In this photo from the Don Gray collection you can see both the Sparton sign and the NOTR sign west of Williams, Arizona.
For a number of years I have been gathering information on the infancy of the American auto industry, the rise of the Good Roads movement and the named highways with the intention being the writing of a book about this period of dramatic societal evolution. That was the subject of a presentation made last October at the site of what I had been led to believe would become the Hackett Auto Museum in Jackson, Michigan. And as Jackson and the surrounding area was at the heart of an industrial boom that included more than 25 automobile manufacturers during the first decades of the 20th century, the trip was also about research.
One of the contacts made during this trip was Russell Rein who has been documenting the history of the named highways for many, many years. He is also a passionate student of the history of a leading manufacturer in Jackson, Sparks-Wirthington. This company was the largest manufacturer of automobile horns in the world during the teens, and later became a leading producer of radios and pioneer in television development as well as manufacturing. In 1915, Clifford and Harry Sparks, sons of one of the company founders, set out from Chicago to San Francisco in a new Ford truck putting up road signs that were a public service as well as an advertising campaign. The signs read, “Safety First – Sound Sparton.”
Fast forward to this past Friday. For several years I have been in discussion with Don Gray, a fellow with an interesting family history. The chapter of that history that spans the period 1910 to 1930 is chronicled in an extensive collection of family photos. Yesterday we finally had the opportunity to meet and to peruse his collection during a visit with Andy Sansom, the archivist at the Mohave Museum of History & Arts in Kingman, Arizona.
All of the materials in his collection were fascinating. As an example, one photo was of his grandfather, on a Michaelson motorcycle at the Padre Canyon Bridge that was under construction at the time. That would be 1914. And then we came to a photo taken on the National Old Trails Road between Ash Fork and Williams, Arizona. One lady in the photograph was standing next to a Sparton sign!
Needless to say the new presentation about the National Trails Road developed for spring and summer 2020 will be revised before its debut in Needles, California on February 7. And it looks like a new chapter in the 5 Minutes With Jimaudio podcast series about the National Old Trails Road has been added.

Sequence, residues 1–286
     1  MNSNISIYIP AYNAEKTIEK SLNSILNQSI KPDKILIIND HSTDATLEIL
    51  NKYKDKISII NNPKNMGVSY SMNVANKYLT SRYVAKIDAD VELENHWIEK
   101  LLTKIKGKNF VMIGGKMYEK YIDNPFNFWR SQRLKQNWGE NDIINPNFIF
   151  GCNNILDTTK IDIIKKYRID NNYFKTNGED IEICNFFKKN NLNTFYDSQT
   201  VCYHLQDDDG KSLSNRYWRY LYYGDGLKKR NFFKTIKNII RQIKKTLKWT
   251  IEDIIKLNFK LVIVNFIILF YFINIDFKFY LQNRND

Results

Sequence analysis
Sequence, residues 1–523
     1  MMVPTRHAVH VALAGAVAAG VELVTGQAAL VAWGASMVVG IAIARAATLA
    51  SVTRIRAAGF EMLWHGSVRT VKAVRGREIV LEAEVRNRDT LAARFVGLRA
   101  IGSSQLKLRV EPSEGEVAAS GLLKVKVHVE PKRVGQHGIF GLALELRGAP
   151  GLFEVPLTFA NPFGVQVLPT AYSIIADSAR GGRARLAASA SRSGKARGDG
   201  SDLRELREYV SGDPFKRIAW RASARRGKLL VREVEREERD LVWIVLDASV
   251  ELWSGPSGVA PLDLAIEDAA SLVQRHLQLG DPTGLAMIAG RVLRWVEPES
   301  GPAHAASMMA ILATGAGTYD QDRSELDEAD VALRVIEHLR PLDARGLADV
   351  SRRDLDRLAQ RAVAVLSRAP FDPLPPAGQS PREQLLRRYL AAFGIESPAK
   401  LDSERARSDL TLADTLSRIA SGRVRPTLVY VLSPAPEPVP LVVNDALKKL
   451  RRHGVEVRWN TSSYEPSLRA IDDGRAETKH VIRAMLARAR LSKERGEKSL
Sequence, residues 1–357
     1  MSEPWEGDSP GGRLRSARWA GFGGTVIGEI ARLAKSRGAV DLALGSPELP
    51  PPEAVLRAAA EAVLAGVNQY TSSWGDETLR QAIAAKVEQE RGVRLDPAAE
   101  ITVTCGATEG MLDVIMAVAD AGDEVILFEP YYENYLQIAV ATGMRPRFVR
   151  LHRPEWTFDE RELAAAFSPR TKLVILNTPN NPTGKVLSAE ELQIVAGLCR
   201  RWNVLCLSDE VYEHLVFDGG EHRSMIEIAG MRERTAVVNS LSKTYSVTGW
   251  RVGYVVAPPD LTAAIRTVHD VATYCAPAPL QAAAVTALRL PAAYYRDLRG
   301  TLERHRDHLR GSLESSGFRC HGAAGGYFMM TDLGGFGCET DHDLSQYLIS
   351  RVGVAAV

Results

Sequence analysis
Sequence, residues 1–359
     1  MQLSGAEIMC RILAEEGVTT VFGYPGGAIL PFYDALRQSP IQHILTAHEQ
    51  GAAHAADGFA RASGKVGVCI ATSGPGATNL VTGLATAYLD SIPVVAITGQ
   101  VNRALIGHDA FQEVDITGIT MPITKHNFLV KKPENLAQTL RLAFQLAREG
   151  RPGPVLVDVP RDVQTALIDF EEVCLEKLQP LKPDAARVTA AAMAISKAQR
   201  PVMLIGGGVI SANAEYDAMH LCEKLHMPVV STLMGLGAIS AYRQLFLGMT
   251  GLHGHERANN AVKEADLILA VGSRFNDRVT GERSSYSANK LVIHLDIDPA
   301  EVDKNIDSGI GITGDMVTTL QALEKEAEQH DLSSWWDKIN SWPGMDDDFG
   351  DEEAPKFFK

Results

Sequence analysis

Meanwhile the search continues. I will be meeting with Don Gray again son. And I will be returning to Jackson this year for more research and a series of presentations that is in development.
Before I40, before Route 66, people got their kicks on the National Old Trails Road in the southwest. That is a story that needs to be told. It has adventure. It has adventurers like Edsel Ford, Emily Post and Ezra Meeker. It has famous and colorful people like Buffalo Bill Cody, Harry Truman and Louis Chevrolet. It has auto racing, serial killers and pioneering automobile manufacturers giving their vehicles a bit of real world testing.
The National Old Trails Road at the Colorado River. Photo Mohave Museum of History & Arts.
Carlos F. Hurd was a reporter that had gained international notoriety in 1912 for his series of interviews with survivors of the sinking of the RMS Titanic. He was no stranger to disaster, to stories of human suffering and to gut wrenching stories of family tragedy. Nothing, however, prepared him for coverage of the vicious race riots in East St. Louis during the summer of 1917. His initial story published in the St. Louis Post Dispatch on July 3 opened with, “For an hour and a half last evening I saw the massacre of helpless Negroes at Broadway and 4th Street, in downtown East St. Louis, where black skin was a death warrant.”
His first person report continued with shocking detail. The East St. Louis affair, as I saw it, was a man hunt, conducted on a sporting basis, though with anything but the fair play which is the principle of sport. There was a horribly cold deliberateness and a spirit of fun about it.” Additional articles provided gruesome and proven details; a person nearly beheaded by an assailant with a butcher knife, a twelve-year old girl pulled from a trolley, people shot as they desperately tried to escape by swimming the Mississippi River, a mother beaten to death in front of her children.